The Pacific Islands Region Hosts Nine Hollings Scholars
The Office of National Marine Sanctuaries Pacific Islands Region (PIR) and each of the region's sites are hosting nine Hollings Scholars this summer, and the scholars are working on four Hawaiian Islands and in American Samoa. Each of the scholars will complete a 10-week internship and work on specific projects under the tutelage of a NOAA mentor, and in some cases, a non-NOAA co-mentor. At the end of the summer, all the scholars will fly to Washington DC to present the results of their summer work.
The Ernest F. Hollings Undergraduate Program awards outstanding students a scholarship to help support one academic school year, and a paid summer internship in NOAA-related work. The scholarship is renewable for one additional year. For more information on the Hollings Scholarship, visit http://www.oesd.noaa.gov/Hollings_info.html.
Our Hollings Scholars come from all over the United States, but all have a passionate interest in the marine field. Meet the PIR's Hollings Scholars for 2010:
Andrea Leshak is researching the "Affected Environment" section of the Humpback Whale National Marine Sanctuary's (HIHWNMS) Management Plan Review with her NOAA mentor Malia Chow. She plans to focus on the biological and cultural resources that will be affected by the Management Plan. In the fall, she will be a senior in the Schreyer Honors College at Penn State University majoring in environmental resource management and philosophy. Andrea plans to attend law school and to specialize in environmental law.
Charlotte Schou is a senior at the George Washington University in Washington, D.C. pursuing two majors in geography and international affairs concentrating in international environmental resources with minor in GIS. Charlotte is creating a cross comparison of all of the national marine sanctuaries' management plans, and will prepare a plan describing what analogous strategies the HIHWNMS could consider to include in the upcoming management plan review. Charlotte's NOAA mentor is HIHW's Management Plan Coordinator Joe Paulin.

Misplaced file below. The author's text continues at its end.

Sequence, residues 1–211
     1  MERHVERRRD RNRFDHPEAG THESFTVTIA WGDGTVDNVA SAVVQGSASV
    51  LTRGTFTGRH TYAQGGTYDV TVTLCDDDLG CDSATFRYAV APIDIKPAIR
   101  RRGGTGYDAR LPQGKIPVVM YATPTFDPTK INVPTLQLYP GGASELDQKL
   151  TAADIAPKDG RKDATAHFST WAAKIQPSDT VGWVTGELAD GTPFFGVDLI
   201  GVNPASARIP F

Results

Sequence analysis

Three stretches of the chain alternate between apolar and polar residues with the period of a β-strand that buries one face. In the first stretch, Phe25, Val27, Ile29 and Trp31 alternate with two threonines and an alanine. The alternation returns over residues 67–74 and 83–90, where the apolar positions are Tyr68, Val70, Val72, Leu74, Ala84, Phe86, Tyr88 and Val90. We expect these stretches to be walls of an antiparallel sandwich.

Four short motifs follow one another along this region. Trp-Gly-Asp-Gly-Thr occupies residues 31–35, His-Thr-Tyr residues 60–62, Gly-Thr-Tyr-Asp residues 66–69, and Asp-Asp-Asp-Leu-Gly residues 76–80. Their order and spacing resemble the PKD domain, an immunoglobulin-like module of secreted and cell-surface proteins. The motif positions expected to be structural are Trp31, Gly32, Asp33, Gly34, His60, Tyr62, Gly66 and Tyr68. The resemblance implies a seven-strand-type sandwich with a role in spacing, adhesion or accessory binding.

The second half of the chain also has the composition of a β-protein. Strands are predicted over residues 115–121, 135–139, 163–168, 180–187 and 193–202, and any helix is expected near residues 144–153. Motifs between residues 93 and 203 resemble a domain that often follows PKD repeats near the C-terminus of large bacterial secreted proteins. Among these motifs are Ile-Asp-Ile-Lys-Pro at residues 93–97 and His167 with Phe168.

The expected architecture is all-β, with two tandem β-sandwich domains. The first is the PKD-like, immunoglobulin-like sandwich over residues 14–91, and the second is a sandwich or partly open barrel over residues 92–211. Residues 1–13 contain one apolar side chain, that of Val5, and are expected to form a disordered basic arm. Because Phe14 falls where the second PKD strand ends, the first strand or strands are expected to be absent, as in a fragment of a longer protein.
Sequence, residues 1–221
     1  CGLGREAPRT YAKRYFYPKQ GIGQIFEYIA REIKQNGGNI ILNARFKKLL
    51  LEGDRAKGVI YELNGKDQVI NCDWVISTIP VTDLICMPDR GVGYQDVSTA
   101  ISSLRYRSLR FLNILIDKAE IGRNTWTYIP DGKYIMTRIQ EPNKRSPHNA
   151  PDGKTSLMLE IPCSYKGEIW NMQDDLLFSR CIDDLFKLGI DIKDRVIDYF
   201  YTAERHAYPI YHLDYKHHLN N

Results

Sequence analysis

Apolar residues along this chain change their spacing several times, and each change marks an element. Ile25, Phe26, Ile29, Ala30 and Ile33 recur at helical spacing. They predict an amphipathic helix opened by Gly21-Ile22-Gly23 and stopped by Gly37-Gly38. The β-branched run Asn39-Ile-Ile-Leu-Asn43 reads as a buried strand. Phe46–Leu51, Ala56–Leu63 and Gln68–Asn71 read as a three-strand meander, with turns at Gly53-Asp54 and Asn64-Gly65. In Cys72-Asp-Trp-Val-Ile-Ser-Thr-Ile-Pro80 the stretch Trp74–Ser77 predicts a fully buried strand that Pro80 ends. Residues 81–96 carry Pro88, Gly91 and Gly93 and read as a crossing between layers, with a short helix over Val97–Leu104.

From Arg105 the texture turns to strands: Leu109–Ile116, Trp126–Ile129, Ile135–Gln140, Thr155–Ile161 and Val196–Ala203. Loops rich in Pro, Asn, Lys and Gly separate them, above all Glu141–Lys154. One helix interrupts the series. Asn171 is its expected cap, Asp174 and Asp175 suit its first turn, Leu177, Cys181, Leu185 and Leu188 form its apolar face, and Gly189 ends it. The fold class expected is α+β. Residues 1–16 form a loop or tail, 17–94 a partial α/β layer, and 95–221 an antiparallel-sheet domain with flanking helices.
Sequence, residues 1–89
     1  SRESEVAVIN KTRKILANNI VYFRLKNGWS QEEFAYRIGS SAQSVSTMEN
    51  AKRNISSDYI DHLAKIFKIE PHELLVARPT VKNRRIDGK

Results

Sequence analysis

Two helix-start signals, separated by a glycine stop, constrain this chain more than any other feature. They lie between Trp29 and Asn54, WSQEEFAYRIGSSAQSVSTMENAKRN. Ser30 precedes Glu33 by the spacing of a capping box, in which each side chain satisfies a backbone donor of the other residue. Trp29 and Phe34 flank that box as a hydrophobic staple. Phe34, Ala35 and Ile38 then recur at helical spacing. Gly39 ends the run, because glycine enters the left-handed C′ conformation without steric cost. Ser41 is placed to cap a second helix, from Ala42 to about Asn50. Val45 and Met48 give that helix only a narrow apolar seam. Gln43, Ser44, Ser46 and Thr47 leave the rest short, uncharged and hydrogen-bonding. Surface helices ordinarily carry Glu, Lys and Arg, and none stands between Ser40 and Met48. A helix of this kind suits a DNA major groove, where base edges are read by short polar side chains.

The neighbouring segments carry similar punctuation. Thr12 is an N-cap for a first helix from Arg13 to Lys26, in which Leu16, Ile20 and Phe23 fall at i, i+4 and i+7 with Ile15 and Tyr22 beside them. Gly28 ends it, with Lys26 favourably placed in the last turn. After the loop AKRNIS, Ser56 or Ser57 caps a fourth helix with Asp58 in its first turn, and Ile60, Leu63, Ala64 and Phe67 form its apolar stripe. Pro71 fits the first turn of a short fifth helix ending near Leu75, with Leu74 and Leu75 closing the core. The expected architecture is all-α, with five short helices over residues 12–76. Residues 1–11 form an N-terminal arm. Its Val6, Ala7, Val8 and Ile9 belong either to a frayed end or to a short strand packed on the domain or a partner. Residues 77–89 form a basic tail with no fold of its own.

Emily Reuman, a senior at Bryn Mawr College in Pennsylvania, is a Political Science major concentrating in environmental studies interning for the Papahānaumokuākea Marine National Monument under the mentorship of Dan Dennison, Constituency Outreach and Partnerships Coordinator. Emily will be helping Dan to edit and finish several videos currently under production as well as assisting with press releases and media events. She will then produce new videos to be compiled for a final project portfolio. Potential film project topics include Navigating Change-Forest Restoration, a feature on Hawaii Ocean Observing System, Monument and Coast Guard Patrol Flights, HIMB Climate Change, the Battle of Midway. She will also assist with World Heritage media inquiries and activities as the announcement date nears in July.